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were nor able to weather the Depression of the early 1840s. William Payne did much better. The goldrush ensured he had a market for his livestock. He had reduced the area covered by the lease, made substantial improvements to the farmed area and when the property was sold in 1853 it was an attractive investment. It briefly interested Harry Drew before passing to Joseph Hann. Hann took advantage of the changing land laws and purchased some 2,000 acres from the Crown while retaining the remaining 6,000 acres under lease. When Hann left the district for Queensland, this land was acquired by the mercantile company, Sumner, Grice and Benn. Benn later became sole owner until his death. The new owner, Grimwade was a wealthy industrialist, head of Felton, Grimwade a Co., a firm he founded in 1867 with Alfred Felton. Grimwade’s Background Born in 1840 in Harleston, in the English county of Norfolk, Grimwade had arrived in Melbourne in 1863, aged twenty-two. In England he was apprenticed to his father, a wholesale druggist and,
on arrival in Melbourne, had joined wholesale druggists Edward and Henry Youngman. When Edward Youngman drowned in a shipwreck, his brother sold the business to Grimwade and his new partner, Alfred Felton. Felton, Grimwade & Co. opened in premises in Flinders Lane where, at first, they manufactured proprietary medicines (pills and powders). Soon they branched into the manufacture of industrial chemicals. Grimwade had a canny head for business. He had borrowed ÂŁ8,000 to buy the business and this was soon recouped many times over. The company expanded to other sites, establishing chemical works to manufacture any chemicals that were urgently
needed by the fast growing economy of a young Melbourne. Factories were built to accommodate the making of mineral acids, compressed gases, ammonia and fertilizers. Glass works were set up to make bottles for their products. Felton, Grimwade & Co was in partnership with Bosisto & Co., producers of eucalyptus oil. The drug house had subsidiary interests in Western Australia and in N.Z. and they had a partnership in the Adelaide Chemical Works Co. Their only failed venture was a salt mining company (in association with R Cheetham) on French Island. Grimwade had a reputation for being reliable, honest and determined. He believed hard work led to achievement and he became a wealthy man. continued next page...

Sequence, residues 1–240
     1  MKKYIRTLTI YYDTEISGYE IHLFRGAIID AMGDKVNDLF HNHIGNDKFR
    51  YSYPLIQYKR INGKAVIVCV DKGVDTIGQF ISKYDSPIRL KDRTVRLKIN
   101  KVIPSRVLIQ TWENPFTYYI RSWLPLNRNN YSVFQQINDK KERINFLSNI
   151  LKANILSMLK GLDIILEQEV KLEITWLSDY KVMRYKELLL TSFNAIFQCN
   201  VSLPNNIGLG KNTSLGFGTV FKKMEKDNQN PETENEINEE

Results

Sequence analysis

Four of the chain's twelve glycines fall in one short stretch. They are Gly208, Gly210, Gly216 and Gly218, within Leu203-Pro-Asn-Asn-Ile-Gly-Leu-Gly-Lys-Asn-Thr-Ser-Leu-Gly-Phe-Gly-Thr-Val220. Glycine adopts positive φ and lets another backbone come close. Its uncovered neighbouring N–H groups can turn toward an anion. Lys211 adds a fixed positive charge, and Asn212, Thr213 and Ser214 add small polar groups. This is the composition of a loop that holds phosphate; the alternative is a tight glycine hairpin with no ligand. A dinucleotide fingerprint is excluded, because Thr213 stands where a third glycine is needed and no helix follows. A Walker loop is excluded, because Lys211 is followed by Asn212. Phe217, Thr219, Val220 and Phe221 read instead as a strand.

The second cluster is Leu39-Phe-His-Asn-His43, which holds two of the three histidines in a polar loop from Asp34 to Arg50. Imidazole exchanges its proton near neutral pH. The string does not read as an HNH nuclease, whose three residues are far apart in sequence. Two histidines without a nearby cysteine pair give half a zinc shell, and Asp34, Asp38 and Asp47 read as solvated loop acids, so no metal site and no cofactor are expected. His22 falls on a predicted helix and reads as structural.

Left: "Coolart House", 24/12/1898. Russell Grimwade collection. UMA 1975.0089.00001 Above: "Coolart Drive" (Oxen delivering bricks for the homestead), 13/1/1897. Russell Grimwade collection. UMA 2002.0003.00014 Below: "Coolart" (The Grimwade sisters), 17/1/1898. Russell Grimwade collection. UMA 1975.0089.00103
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Family Life In 1865, when he was 24 years old, Frederick Grimwade married Tasmanian-born Jessie Taylor Sprunt at St Paul’s Church, Kyneton. The couple made their home in St Kilda until they built a fashionable new house, in the Italianate style, in Caulfield. They called it ‘Harleston’ after Grimwade’s place of birth. ‘Harleston’ sat on a seven-acre lot, part of which was farm land. The couple became parents to nine children although two, a son and a daughter, died in infancy. Their eldest child, a son, Norton, was born in 1866; their last born, Freda, arrived in 1884. Three sons, Norton, Harold and Russell qualified as pharmacists, all working in the family company; the other son, Sheppard, became a doctor. Freda had two older sisters, Elizabeth and Alice, and the three girls were brought up to take an active interest in charitable work. The Honourable F. S. Grimwade, the public figure Grimwade’s political career started in 1891 when he became a member of the Legislative Council, representing the North Yarra province. Prior to entering state politics he had, for five years, been a member of the Caulfield Shire Council. He was a representative on the Council of the Railways Commission and of the Tariff Commission. He was a member of the Melbourne Chamber of Commerce, and of two Exhibition Commissions. For twelve years he was chairman of the directors of the Royal Bank of Australia and one of the foundation members of the Australian Club. Grimwade was a devout Anglican. For twenty years he was a member of the Church of England Assembly, a member of the Diocesan council and a lay canon. Business and religion were cornerstones of his life. For the Grimwade family ‘Coolart’ became their holiday home, a place to relax. Above right: Business partners Alfred Felton (left) and F. S. Grimwade. Below: "Coolart" (Frederick and Jessie Grimwade with family and friends in the entry porch), 2/1/1906. Russell Grimwade collection. UMA 2002.003.0464